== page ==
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Speaking today about decisions in some EU countries to close a number of their borders, EuroCommerce Director-General Christian Verschueren said:
“Retailers and wholesalers rely on many thousands of suppliers across Europe to ensure that Europe’s consumers can have the daily essentials they need. We have consistently lived up to that obligation all through the COVID pandemic. We also fully support all measures necessary to stop the spread of the virus and its new variants. But this can be done without making border crossing impossible for lorries carrying the goods consumers need. We therefore wish to remind all member states of the real problems which arose for goods traffic and cross-border workers last year when borders were closed, and of the important guidelines the Commission issued to resolve those problems. We all want people to be safe, but also able to have the things they need to help them have as normal a life as the present - abnormal - circumstances allow.”
The first wave of the pandemic last year sparked off a series of border closures which member states believed would help stem the spread of the COVID virus. In doing so, they initially gave little thought to the impact of such closures on cross-border flows of goods which consumers and industry needed to have available every day. They also prevented many thousands of workers living one side of the border from getting to their workplaces on the other side. The Commission acted quickly to issue harmonised guidelines which set up ‘green lanes’ for goods traffic and special arrangements for cross-border workers. Those are still valid and vital in the second wave we are experiencing now. We are therefore asking member states, not least those which also act as transit routes for exports from other EU countries, to adhere to those guidelines, and adopt proportionate measures to keep their citizens safe while not unduly hindering the flow of goods and cross-border workers within the single market.Read more
Brussels, 26 March 2020 – Copa-Cogeca, FoodDrinkEurope and EuroCommerce represent the core actors in the European food supply chain: farmers and agri-cooperatives, food and drink manufacturers, and wholesale and retail distribution.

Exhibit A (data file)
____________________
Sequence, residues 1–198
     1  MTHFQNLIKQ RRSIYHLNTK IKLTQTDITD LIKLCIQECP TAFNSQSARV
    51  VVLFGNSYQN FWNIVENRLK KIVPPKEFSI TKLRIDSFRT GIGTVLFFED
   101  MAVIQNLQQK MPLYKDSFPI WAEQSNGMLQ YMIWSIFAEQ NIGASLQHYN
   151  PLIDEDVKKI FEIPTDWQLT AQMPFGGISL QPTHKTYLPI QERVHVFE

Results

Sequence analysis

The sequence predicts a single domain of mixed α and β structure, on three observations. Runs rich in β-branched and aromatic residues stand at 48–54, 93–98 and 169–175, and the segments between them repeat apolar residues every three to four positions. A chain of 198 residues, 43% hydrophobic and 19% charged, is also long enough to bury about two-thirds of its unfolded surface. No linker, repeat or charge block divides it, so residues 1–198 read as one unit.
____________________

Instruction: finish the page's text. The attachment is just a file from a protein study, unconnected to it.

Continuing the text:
In these challenging times, our farmers and businesses strive day and night to get food and drink to all Europeans every day. We are working together, also with many other businesses in the agri-food supply chain, and with the European institutions to ensure our collective response is coordinated and effective, both in the short and long-term.
We pay tribute to all of those across society who are working tirelessly to deal with the Covid-19 public health crisis. In the food supply chain, committed people on our farms, in our factories, on the roads, and in our shops and supermarkets are giving all their energy, time, and dedication to fulfil this important mission: feeding people.
We will do all in our power to ensure our food systems continue to function sustainably and effectively throughout the health crisis and the confinement measures taken.
We emphasise that our industries and workforce must be recognised as essential to maintain our activities and ensure safe, affordable and quality food for our consumers. We ask that the borders remain open for people and for freight to fulfill this essential mission.
We offer to work with the European institutions through a structured dialogue to ensure that the response to Covid-19 is coordinated and effective, both during the crisis and in its aftermath.Read more
EuroCommerce is pleased that the Commission has sought to propose a number of ideas on how Europe can gradually return to normal once the immediate danger of the COVID-19 pandemic has eased. We recognise that the rate of infection differs from country to country and that decisions on the health of their citizens rests with national governments.
We support the Commission, however, in a number of important issues they raise in their welcome Communication issued today. These include:Read more
Speaking today, EuroCommerce Director-General Christian Verschueren called upon leaders across the world to drive the economic recovery after the COVID-19 pandemic by freeing up global trade:
“Before the virus became a global crisis, we saw a worrying spread of an equally pernicious development – the mistaken belief that economic growth can come from imposing tariffs and blocking imports. If we are to see the world economy start growing again after a downturn maybe as bad as in the 1930s, world leaders should get together now to agree on how to do so. Above all, they need to avoid the same mistakes made then of closing down international trade. Supply chains are complex and global, and these need to stay open if all of our economies are to recover quickly.”